For now, we accept the costs or KYC as the unfortunate by-product of our original choice to make money laundering illegal. It's not an easy compromise, but we're plowing ahead with it.

What if it was possible to improve our current standard so we could reduce the aforementioned deficiencies while still catching the Jacks of the world? Dave Birch recently described a different sort standard. Instead of keeping criminals out, maybe banks should let them into the financial system (by setting up minimum KYC) and then use AI and analytics to catch them. (Presumably all of those good actors who formerly lacked ID can now get the financial services they deserve.)  

It's an interesting idea.

So to sum up, I'm tepidly in favor of current anti-money laundering standards. First, I support the criminalization of money laundering. And second, I accept that we need a minimum set of rules and standards to out the Jacks of the world. Third, I'm not sure if our current standard is the best. Maybe it is, maybe it isn't. I'd like to learn more. If we can squeeze out a bit more privacy while still catching the same number of money launderers, I'm all for it.

Friday, June 11, 2021

Why do ransomware gangs like bitcoin? It's the censorship resistance

A new type of crime has recently emerged: big-ticket repeatable ransomware. Bitcoin is the chosen payments method for ransomware gangs. But these gangs don't use bitcoin because it is anonymous. They've chosen it because it is censorship-resistant.

Here's a quick illustration of how ransomware works. A university's servers are encrypted by a ransomware operator. Common victims also include corporations, hospitals, or police departments. Only a payment of, say, $1.14 million in bitcoins will release them (see below). The gang may up the ante by threatening to auction off the institution's data if a ransom isn't paid.

Ransomware isn't new. What is new and unique about the recent spate of ransom attacks is that they are:
 
big-ticket
factory-scale

That is, the average size of these attacks registers around $170,000, according to Sophos. Prior bouts of ransomware involved much smaller amounts. Secondly, these aren't isolated one-off attacks. They are manufactured at industry-scale with gangs like Ryuk or REvil carrying out dozens of attacks each day.

What makes bitcoin such a great tool for carrying out big-ticket repeatable attacks?

It's not the anonymity. A lot of people think that bitcoin is anonymous it's actually pseudonymous. All bitcoin transfers can be seen on the blockchain, or Bitcoin's public ledger. This is inconvenient for ransomware gangs because a ransom can be tracked from the original victim to its final destination. While it's possible to use a tool called a mixer to obfuscate one's bitcoin transactions, most ransomware gangs don't bother. Nor do gangs use cryptocurrencies that provide native anonymity, like Monero.

All of this points to the fact that anonymity is not really important to Ryuk, REvil, and other ransomware operators.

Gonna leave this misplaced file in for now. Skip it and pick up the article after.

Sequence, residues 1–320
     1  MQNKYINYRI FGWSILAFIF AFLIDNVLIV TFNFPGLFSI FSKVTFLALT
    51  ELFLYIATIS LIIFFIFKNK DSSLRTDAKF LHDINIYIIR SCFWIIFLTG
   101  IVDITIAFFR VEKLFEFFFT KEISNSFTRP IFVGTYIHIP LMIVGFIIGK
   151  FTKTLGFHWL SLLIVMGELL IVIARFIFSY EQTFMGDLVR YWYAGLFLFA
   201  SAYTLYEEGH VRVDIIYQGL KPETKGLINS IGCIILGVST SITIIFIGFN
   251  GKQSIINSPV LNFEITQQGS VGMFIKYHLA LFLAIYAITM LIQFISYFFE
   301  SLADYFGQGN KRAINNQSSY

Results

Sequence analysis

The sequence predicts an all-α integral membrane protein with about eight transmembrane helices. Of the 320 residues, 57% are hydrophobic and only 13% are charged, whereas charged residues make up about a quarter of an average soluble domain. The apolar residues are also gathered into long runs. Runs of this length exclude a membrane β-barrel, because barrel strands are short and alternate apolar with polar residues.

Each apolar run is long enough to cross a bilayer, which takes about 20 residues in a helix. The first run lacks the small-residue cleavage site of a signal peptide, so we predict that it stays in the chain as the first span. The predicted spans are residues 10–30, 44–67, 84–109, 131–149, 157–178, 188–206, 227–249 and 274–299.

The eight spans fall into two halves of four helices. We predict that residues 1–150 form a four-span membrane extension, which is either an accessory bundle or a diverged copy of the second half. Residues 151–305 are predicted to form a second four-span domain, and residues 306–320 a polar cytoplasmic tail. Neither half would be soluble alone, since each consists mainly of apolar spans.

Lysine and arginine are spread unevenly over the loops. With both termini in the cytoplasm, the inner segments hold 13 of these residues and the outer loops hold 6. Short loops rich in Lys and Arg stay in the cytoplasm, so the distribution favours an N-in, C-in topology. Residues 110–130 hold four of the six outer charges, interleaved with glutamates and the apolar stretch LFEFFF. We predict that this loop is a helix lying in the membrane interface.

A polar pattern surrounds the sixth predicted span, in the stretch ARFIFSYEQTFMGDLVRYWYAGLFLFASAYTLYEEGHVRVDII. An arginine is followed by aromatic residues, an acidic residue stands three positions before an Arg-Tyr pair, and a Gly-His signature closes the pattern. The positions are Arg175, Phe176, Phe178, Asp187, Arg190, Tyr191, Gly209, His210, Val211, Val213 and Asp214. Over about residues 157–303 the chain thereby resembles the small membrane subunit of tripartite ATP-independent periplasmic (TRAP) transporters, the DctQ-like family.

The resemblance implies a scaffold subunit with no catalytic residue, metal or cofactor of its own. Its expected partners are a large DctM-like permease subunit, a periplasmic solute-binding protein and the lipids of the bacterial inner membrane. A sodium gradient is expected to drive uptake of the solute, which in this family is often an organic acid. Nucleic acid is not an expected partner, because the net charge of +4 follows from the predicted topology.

So what is it about Bitcoin that is attractive to these gangs? The feature they are after is something called censorship resistance. That is, Bitcoin allows value to be electronically transferred across vast distances without being halted or frozen. A ransomware gang can extort $1.14 from a victim in a country like the U.S. with strong law enforcement and repatriate it to a country with weak law enforcement like Russia, and then sell it for hard cash all without having to worry about a bank or the FBI freezing their funds somewhere in-between.

Bitcoin isn't the only censorship resistant payment network.

You wouldn't think it, but gift cards like iTunes and Google Play cards are (semi) censorship resistant payments networks, and it is for this reason that they've become popular with criminals. Scammers in call centres located in India frighten their U.S. victims with the fake threat of being apprehended by IRS agents, then tell the victim send a $500 gift card number by text in order to be exonerated. The gang will either resell the card number for cash or spend the balances in an app that they control. Gift card issuers don't have effective measures to freeze balances, so the bad guys can more-or-less use gift card networks with impunity.

So why are today's ransomware gangs using bitcoin instead of gift cards to extort money from the likes of the University of California San Francisco?

At the outset of this post I specified that one of the unique features of modern ransomware is that it is big ticket. A gang that wants to extort a victim for $1.14 million can't do so using gift cards. The maximum gift card size is $500. University of California San Francisco would have to buy 2,500 cards and send the attacker all the card numbers. And then the gang would have to launder all those cards. It's just too inconvenient. 

No, some other payment rail is necessary to do big ticket ransoms. Bitcoin is perfect for this there is no limit on transfer size.

What about carrying out big ticket ransom attacks via wire transfers? A wire transfer is an electronic payment from one bank account to another, often overseas.